EL SEGUNDO, USA: The developing regions of the world will be the biggest source for new broadband activity in 2012 as the total number of global broadband subscribers approaches the 700 million mark, according to an IHS iSuppli Broadband & Digitally Connected Home Market Tracker report from information and analytics provider IHS.
Broadband subscribers in the emerging regions of Asia, Latin America and the Middle East/Africa (MEA) are projected to rise by 17.4 percent in 2012, growing to 375 million, up from 320 million in 2011.
In comparison, subscribers in the developed markets of North America and Europe will expand by only 6.8 percent, increasing to 298 million, up from 279 million in 2011. “Broadband growth will be quickest in the world’s currently underpenetrated or underserved markets, typically found in less economically advanced territories,” said Lee Ratliff, principal analyst for broadband & digital home research at IHS.
“Meanwhile, the regions first to enjoy the fruits of broadband—usually the group of economically prosperous countries—will show more modest increases because of market saturation.”
Middle East and Africa get on broadband bandwagon
Broadband telecommunication services will increase most rapidly this year in the MEA region, where subscribers are projected to grow by as much as 38 percent. Asia and Latin America will also be strong areas with double-digit growth in 2012, compared to the single-digit expansion rates forecast for the broadband markets of Europe and especially North America. Overall, the number of global broadband subscribers will climb to 672.9 million in 2012, up a solid 13 percent from 598.3 million in 2011.
Although the MEA region will experience the fastest growth of all regions, the total number of broadband subscribers there remains the smallest at 18.7 million, up from 13.6 million in 2011. Egypt and South Africa will have the most prominent broadband activity in the MEA market, with 2.8 million and 1.2 million subscribers, respectively.
Asia and Latin America on the rise
The area with the next-highest broadband activity this year will be Asia, with overall growth projected at 17 percent. However, the continent is bifurcated into areas of high growth for developing countries like China, India and Indonesia; and into markets with lower expansion rates for the highly industrialized economies of Japan, Hong Kong, Singapore, South Korea and Taiwan. Broadband subscribers in Asia for 2012 will amount to an estimated 301.8 million, up from 258.5 million last year.
Latin America, which combines the Central and South America regions, will boast a 15 percent expansion this year as broadband subscribers hit 54.6 million, up from 47.4 million. Mexico is the star performer in this market with a projected total of 10.9 million broadband subscribers in 2012, followed by Brazil with 4.9 million.
Slow growth for Europe and North America
The two markets with slower growth anticipated this year include Europe and North America, with modest increases of 8 percent and 6 percent, respectively. Europe has the slightly higher growth between the two because of a dynamically expanding Eastern Europe, pushing total broadband subscribers in all of Europe to 194.3 million, up from 180.8 million. The top three territories in Europe are Russia with 28.8 million, Germany with 28.3 million and the United Kingdom with 26.4 million.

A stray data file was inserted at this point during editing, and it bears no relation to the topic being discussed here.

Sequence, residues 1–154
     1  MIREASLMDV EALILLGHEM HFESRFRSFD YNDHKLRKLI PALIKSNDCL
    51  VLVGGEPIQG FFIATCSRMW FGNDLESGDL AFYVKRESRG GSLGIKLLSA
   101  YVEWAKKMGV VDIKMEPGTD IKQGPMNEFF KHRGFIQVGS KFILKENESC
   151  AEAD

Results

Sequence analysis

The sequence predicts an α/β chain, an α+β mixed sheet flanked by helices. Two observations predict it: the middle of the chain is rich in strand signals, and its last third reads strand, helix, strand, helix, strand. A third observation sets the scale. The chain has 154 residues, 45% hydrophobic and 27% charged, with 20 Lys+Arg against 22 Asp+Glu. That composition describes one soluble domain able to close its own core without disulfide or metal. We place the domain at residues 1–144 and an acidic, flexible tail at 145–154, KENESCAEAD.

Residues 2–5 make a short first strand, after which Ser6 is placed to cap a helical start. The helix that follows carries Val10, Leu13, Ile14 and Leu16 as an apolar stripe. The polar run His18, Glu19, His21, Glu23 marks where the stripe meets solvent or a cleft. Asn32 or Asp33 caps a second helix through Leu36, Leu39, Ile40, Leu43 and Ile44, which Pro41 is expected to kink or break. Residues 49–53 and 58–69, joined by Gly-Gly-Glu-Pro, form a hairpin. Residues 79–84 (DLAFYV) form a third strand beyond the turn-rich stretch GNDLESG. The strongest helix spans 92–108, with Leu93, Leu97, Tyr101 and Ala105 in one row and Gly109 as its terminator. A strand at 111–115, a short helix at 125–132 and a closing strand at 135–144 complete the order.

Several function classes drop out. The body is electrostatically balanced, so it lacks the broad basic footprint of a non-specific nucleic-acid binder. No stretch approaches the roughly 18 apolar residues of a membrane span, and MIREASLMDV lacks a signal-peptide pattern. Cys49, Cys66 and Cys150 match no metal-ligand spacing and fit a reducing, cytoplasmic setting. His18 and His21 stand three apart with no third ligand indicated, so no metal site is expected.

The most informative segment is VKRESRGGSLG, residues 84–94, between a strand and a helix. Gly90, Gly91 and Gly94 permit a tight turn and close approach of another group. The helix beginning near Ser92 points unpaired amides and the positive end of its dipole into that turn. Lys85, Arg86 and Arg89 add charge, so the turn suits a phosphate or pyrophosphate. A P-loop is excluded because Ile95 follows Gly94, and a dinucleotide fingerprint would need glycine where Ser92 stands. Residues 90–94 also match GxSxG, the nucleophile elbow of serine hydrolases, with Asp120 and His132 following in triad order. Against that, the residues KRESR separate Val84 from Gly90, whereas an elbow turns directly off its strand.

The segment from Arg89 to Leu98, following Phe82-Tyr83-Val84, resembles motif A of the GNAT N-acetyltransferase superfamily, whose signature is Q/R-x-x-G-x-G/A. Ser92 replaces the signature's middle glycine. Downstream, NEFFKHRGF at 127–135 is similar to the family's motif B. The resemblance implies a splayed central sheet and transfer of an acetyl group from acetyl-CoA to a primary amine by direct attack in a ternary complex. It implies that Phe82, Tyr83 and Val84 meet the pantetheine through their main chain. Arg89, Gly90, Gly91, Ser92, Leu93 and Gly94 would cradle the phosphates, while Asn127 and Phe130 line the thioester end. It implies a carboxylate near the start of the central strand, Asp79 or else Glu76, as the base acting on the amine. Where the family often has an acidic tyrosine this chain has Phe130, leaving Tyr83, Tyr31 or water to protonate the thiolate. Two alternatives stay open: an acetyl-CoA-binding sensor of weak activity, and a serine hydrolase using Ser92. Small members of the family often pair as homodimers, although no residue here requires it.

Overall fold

The North America market will see broadband subscribers pass the 100 million mark this year, including the United States with 93.1 million and Canada with 10.3 million.
In the United States, broadband subscriber activity was particularly notable during the third quarter last year, with growth climbing a remarkable 46 percent, reversing the 56 percent decline that had occurred in the second quarter. The large swing in growth between the two quarters is not out of line with normal seasonal trends for the broadband industry, even though the seasonal difference seems to be getting more extreme in recent years.
Overall, telcos and cable operators are battling fiercely to win new subscribers, competing on a relatively even playing field as both camps have access to almost every single US household. Telcos fared well during the initial uptake of their fiber services a few years ago, but that growth has moderated. Cable operators first regained the lead in the last half of 2009 and have held on to majority share every quarter since then, accounting for as much as 55 percent of net adds in the American broadband market during the third quarter last year.
ADSL maintains lead
Among the various broadband and even faster wideband technologies being deployed around the world, the broadband technology known as asymmetric digital subscriber line (ADSL) continues to make up nearly half of all net additions with 48 percent share during the third quarter. ADSL growth is driven by demand in developing regions, particularly China and Latin America.
Compared to ADSL, various fiber technologies had market share ranging from 3 to 21 percent. Cable modems were responsible for 9 percent, while the wideband technology called very-high-bit-tate figital subscriber line (VDSL) accounted for 6 percent.
Source: IHS iSuppli, USA.